1. A detailed response Andrey with some interesting observations which suggest you understand the poem well. Some of your ideas could have been developed further -eg, why the short sentences, in other words what does this suggest about the relationship. I think there is a slight pun on ‘Wondered’ which means thinking; at first we might expect the poet to use ‘Wandered’ since we have been travelling along the ‘map’ of his perception of his wife. I think ‘Wondered’ is used to show a growing acceptance of her. Thank you for your contribution, Andre.

  5. In line 3 to 6, the poet makes the reader feel hurt and anger on the first mood and the happiness of the second. Dennis Scott achieves this by comparing his wife’s constantly changing mood with ice cold water, the wall of anger, quarry of hurt and changing landscape. The poet writes “An hour he could be lost in the walled anger of her quarried hurt,” to show his confusion at the sudden change of emotion, trap by her emotion, and doesn’t know what happened or what to do. The use of the word “quarried” gives the reader an image of a deep, dark, mysterious mine. It makes the reader feel like the poet’s wife is hiding something from him,as if she has buried her hurt in the ground and is hoping no one finds it.

    In lines 7 and 8, the poet uses metaphor. He compares his wife’s constantly changing emotion with landscape. The poet also compares his understanding of his wife to a map. In this fourth sentence, the poet is saying that he is trying to draw a map of constant changing landscape, but every time he thinks he has completed the map, the landscape will start changing even further. The truth is, the poet is talking about his wife. Every time he thinks he understand her perfectly, her emotions and personality will change in the most unexpected way. The poet only uses four sentences, but he expresses everything he wanted to say in a way that is both complicated and deep.

    The last three lines of the poem shows that the poet is going to take in and get prepare to her changing emotion instead of trying to understand the reasons behind it. It also shows that the poet finally understands he can never understand and know his wife perfectly. There is always something new to learn and discover.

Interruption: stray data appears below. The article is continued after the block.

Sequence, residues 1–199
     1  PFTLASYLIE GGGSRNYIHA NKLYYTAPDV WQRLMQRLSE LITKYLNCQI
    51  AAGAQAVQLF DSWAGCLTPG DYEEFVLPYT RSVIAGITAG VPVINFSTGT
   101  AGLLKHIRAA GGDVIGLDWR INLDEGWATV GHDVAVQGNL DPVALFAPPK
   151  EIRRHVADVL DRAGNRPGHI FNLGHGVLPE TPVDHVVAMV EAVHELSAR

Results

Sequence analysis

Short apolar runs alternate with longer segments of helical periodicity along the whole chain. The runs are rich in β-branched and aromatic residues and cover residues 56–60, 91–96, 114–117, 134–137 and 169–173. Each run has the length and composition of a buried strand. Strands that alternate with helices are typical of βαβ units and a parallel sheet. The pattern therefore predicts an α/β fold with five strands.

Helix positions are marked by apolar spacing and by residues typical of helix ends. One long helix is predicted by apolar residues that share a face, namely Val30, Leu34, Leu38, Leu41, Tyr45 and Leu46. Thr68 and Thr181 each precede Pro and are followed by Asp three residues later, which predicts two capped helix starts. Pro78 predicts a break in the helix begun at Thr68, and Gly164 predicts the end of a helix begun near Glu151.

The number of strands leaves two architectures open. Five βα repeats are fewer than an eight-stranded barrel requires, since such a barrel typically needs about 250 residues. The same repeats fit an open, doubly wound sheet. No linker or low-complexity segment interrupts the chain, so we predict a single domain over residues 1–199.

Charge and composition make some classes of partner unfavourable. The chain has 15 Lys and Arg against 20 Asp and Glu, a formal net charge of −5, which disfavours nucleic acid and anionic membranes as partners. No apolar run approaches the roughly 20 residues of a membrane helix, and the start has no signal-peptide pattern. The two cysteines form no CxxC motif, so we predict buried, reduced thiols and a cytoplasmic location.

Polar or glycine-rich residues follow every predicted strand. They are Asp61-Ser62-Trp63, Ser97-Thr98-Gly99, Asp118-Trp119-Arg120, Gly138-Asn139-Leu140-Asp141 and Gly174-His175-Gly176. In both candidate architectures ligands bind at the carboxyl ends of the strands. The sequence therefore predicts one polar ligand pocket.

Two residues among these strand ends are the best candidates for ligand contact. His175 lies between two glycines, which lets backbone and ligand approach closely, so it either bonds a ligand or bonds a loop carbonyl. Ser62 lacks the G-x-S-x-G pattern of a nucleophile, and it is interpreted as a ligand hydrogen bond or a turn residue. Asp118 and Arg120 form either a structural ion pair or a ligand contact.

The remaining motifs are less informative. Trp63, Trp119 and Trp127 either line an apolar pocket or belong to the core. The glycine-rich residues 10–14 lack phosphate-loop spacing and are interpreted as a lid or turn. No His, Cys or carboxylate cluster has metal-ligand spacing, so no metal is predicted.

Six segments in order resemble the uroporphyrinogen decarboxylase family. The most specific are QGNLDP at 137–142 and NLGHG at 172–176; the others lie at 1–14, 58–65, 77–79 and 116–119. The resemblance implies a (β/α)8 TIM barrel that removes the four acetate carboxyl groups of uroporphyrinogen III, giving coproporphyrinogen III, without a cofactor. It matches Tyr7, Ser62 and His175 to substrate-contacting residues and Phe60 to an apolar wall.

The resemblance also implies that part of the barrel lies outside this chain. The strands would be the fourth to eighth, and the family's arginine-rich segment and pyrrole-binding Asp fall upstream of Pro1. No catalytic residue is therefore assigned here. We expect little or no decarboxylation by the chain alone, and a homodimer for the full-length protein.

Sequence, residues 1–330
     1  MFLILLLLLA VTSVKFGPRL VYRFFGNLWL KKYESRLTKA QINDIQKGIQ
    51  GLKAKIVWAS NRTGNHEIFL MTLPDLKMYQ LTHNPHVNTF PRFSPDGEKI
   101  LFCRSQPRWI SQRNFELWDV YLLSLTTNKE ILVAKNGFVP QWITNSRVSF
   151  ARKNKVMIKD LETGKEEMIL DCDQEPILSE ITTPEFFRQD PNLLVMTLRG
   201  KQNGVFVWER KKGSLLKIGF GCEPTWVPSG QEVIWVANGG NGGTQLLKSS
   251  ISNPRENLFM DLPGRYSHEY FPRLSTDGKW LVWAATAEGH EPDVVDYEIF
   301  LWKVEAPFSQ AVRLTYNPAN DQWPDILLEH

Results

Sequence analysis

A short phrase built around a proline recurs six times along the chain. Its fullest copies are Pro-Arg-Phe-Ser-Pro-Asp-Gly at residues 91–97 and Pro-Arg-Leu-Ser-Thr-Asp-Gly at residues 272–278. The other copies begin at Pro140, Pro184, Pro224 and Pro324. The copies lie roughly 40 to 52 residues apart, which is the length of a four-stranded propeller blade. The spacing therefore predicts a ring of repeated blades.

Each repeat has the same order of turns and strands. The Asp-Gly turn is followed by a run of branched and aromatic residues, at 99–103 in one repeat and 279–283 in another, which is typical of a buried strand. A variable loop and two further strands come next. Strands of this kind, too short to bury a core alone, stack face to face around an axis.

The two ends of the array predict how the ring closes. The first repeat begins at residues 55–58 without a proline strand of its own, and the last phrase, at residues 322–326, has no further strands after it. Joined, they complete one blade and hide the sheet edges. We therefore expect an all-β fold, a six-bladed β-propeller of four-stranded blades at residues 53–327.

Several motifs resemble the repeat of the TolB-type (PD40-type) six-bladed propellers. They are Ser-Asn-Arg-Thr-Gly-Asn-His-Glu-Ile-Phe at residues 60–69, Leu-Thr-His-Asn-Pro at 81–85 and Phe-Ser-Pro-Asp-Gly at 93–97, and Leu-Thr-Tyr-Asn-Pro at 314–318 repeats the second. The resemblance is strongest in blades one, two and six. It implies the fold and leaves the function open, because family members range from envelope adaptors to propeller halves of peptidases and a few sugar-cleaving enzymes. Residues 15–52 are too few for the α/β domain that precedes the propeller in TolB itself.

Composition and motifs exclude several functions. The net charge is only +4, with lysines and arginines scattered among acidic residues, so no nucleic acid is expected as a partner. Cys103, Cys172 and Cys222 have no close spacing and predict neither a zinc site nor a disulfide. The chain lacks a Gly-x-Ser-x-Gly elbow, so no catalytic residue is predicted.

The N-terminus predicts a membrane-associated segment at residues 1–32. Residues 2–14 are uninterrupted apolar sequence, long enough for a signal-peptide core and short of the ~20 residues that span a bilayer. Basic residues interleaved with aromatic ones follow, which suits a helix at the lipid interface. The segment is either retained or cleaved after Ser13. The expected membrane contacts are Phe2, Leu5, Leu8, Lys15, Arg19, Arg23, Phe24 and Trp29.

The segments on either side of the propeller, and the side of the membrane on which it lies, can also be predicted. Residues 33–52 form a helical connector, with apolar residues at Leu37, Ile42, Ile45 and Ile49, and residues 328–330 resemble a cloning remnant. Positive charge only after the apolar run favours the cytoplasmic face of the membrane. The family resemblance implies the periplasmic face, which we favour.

b

    1. Excellent work, Anna. You have responded to this poem extremely well and with great sensitivity. I don’t think the wife is a particularly difficult person, and that whilst the efforts of the persona, the speaker of the poem, in trying to understand her is commendable, I would say that it is difficult to understand a person completely. In this way, the poem is about acceptance. I am pleased with the detail of your analysis, and it is clear that you like this poem. Well done.

  6. In line 3 to 6, the writer makes the reader feel the hurt and anger of the first mood and the happiness of the second. Dennis Scot achieves this by changing several words from ‘walled anger’ to ‘cool water laughing’. ‘Walled anger’ means that he is trapped or difficult to understand why she is angry. ‘Cool water laughing’ indicates that she suddenly calms down and becomes happy.

    Lines 7 and 8 are made up of four very short sentences. This gives an effect which tells that he tried to figure out what her wife actually is like. However, she suddenly changed her personality again. Therefore, the poet mentioned ‘Roads disappeared’ which means his navigation became useless.

    The last three lines show a new phrase in the relationship. Ironically, instead of journeying, he now ‘stayed home’. This is a new twist in the extended metaphor and ‘stayed home’ means that the poet gives up to find out his wife’s personality. He decides to stay home instead of going out wasting his time. The poet used ‘wondered’ to regret himself wasting his time looking for his wife’s personality. There are some words that rhyme such as ‘new’ and ‘grew’ at 11 and 12, and ‘find’, ‘mind’ for last two lines.

    1. A good solid response, Tom, which demonstrates your ability to select appropriate words and discuss their meaning. You are most certainly on the right track and you have a very good understanding of the poem -now perhaps you can attempt to discuss your wonderful idea further?

  7. In lines 3 to 6, the writer makes the reader feel the hurt and anger of the first mood and the happiness of the second (look at the way the images are presented and the sound of the lines). Dennis Scott achieves this by showing us that his wife has moods that keep changing. One day she’s ice and the next she’s warm, comforting water. He explains this by saying “in the walled anger of her quarried hurt”. When we read this, we can picture her like a mine; it is dark, deep, hidden, and you never know what you will expect to find. It is like he is trapped in her changing wall of anger. On line five, he shows her sarcasm by saying “See cool water laughing”. Water is cold and can be dark, so this shows that her laughter has sarcasm in it and that it is like her moods. In line six, Scott uses the metaphor stones in “The day before there were stones in her voice” which tells us that something is bothering her; the stones are describing the tone of her voice, and the tone shows a hint of unsureness. It is like she is attacking him, like the stones are some deadly weapons. Scott describes her as unpredictable and with a mood that never stops changing.